Satellites track snail disease risk
The watersnail hosts a key stage in the parasitic worm's life cycle
“One of the big challenges that all public health agencies have – and that's true you know in the UK, in the US or in Kenya – is limited resources.
“If we can help them target the resources in space and time, that is a huge service we can do.”
Ken Linthicum from the US Department of Agriculture has been using space data to forecast the future risk of malaria, dengue fever, chikungunya and Rift Valley virus.
He cautions that satellites, as wonderful as they are, still have to be supported by work on the ground.
“The key is understanding the ecology and transmission dynamics of the disease beforehand. It's not really appropriate to look at data and then say, 'ok, how can I use that data?'.
“You have to know what’s going on with the disease. In the case of Rift Valley fever, we discovered that it was heavy rainfall that floods habitats, producing the hatch of mosquito eggs that produce the virus. In the case of chikungunya or dengue in Africa, for example, it’s drought conditions that enhance mosquito-breeding habitats near people and then the high temperatures that boost transmission in the mosquito.”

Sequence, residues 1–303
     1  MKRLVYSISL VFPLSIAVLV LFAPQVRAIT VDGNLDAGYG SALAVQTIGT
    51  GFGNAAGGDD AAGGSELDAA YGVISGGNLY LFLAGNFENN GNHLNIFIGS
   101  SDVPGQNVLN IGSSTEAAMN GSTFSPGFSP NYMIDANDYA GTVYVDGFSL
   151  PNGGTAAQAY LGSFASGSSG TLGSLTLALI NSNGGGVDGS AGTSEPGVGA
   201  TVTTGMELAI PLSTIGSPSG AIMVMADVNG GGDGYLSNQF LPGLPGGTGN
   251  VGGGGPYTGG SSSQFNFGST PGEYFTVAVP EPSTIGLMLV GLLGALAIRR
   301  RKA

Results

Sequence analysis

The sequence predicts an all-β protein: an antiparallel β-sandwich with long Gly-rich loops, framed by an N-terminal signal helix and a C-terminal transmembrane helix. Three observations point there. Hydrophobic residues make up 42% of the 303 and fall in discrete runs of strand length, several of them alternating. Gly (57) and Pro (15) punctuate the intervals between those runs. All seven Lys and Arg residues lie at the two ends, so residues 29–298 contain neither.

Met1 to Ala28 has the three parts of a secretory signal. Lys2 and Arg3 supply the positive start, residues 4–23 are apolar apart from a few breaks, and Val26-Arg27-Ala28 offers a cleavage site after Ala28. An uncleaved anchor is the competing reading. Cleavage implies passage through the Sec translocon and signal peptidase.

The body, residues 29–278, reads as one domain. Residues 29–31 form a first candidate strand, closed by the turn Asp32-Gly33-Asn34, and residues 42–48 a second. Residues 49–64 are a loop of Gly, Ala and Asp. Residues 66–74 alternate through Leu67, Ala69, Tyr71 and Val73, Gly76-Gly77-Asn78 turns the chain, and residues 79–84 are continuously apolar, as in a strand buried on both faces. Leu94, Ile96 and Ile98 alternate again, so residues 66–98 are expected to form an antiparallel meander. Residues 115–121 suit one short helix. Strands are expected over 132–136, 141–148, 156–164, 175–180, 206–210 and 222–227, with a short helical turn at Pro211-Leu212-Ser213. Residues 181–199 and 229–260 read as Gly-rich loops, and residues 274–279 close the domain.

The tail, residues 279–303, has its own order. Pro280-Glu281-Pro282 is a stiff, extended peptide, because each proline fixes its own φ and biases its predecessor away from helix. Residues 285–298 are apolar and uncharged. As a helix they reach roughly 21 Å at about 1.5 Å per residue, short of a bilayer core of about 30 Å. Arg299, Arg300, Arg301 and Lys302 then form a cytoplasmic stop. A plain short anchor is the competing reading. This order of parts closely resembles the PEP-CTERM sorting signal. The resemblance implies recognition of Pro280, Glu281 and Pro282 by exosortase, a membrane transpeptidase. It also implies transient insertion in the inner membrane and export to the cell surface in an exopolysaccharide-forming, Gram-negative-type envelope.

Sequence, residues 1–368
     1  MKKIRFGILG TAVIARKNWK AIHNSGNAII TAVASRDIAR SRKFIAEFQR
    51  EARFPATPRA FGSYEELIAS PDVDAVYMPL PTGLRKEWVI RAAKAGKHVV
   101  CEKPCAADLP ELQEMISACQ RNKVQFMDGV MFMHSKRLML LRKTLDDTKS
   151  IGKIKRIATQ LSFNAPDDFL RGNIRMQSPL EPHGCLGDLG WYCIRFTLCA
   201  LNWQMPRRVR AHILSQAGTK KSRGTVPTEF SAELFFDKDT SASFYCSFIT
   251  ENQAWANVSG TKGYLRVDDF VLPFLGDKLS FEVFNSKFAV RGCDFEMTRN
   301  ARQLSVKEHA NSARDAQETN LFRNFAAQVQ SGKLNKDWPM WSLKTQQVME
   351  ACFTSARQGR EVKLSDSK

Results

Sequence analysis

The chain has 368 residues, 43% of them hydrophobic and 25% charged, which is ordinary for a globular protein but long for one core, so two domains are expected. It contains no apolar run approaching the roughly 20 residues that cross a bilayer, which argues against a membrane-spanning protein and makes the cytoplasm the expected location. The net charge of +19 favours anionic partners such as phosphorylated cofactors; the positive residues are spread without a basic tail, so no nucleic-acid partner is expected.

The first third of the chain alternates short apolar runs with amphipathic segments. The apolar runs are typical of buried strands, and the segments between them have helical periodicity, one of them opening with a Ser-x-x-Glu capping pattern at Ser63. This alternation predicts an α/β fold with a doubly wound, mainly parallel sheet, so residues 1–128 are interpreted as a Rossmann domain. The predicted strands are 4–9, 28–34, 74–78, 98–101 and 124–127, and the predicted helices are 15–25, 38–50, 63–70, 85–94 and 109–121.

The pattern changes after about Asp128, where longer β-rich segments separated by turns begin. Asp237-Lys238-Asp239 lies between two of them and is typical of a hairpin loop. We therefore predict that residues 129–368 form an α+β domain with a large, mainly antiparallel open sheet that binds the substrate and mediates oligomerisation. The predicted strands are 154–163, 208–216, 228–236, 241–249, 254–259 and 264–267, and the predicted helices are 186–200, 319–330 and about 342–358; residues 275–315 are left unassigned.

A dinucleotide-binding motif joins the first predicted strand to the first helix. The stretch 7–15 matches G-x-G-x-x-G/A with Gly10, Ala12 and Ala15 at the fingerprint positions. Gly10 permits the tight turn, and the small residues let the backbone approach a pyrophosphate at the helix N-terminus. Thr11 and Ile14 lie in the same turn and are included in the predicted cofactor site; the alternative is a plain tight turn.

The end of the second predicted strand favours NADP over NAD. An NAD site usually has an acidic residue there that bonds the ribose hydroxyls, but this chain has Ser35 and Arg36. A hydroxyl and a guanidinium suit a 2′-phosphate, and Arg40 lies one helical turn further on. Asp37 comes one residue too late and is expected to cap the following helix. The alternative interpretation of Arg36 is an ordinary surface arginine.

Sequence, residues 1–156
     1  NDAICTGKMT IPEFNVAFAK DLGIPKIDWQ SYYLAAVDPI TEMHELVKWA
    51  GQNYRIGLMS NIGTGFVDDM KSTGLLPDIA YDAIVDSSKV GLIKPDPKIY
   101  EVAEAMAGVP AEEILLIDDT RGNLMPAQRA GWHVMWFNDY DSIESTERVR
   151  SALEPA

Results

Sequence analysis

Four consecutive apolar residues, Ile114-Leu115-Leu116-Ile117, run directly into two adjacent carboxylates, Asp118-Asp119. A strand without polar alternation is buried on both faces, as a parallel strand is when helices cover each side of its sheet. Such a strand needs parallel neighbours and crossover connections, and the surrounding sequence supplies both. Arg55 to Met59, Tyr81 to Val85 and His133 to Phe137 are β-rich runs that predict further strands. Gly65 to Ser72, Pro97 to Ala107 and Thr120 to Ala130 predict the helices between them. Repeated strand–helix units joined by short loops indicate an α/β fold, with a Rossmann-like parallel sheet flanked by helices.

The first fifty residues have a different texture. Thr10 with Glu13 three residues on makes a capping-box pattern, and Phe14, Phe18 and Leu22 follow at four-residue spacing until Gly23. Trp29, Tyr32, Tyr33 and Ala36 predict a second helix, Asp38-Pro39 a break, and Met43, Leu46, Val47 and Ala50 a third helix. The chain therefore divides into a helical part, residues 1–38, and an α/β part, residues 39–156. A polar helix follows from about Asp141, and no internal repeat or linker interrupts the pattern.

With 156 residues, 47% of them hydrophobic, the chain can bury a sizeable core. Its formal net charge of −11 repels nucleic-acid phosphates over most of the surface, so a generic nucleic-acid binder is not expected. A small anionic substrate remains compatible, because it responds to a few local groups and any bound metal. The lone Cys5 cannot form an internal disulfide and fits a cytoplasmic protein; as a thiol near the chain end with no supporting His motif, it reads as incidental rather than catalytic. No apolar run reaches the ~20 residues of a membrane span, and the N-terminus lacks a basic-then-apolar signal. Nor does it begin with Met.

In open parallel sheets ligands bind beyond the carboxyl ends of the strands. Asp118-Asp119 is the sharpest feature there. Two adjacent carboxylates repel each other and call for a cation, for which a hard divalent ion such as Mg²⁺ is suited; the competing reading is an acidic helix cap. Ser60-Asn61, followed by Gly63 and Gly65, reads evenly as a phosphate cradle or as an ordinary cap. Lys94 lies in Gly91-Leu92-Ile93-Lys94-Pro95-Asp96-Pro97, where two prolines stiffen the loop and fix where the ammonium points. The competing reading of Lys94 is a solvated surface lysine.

But used with care, the satellite information can prove very powerful, said Prof Kitron.
“Another good example is lyme disease. Soil moisture is very important for survival of the ticks that transmit it. So, by mapping soil moisture by satellite you can create a good risk map.
“Another obvious one is vegetation because different types of vegetation are associated with different insect vectors of disease, or with birds and rodents that might be important. We can now actually map not just where there is vegetation, but the type of vegetation.”
The volume of data used in these applications will jump massively over the next few years as the European Union rolls out its Sentinel satellites.
This fleet of spacecraft represents the largest commitment in history to the observation of Earth from orbit, and all the information will be open and free to use.
Archie Clements from the Australian National University commented: “I do think there is going to be some key advantages of the availability of this data, partly because the spatial resolution is going to be high and also because the temporal resolution is going to be high – which means we’re going to be able to track the dynamics of diseases much more effectively over time and look at patterns of disease emergence and change.”
The European Union is building a new constellation of satellites called the Sentinels
Jonathan.Amos-INTERNET@bbc.co.uk an follow me on Twitter: @BBCAmos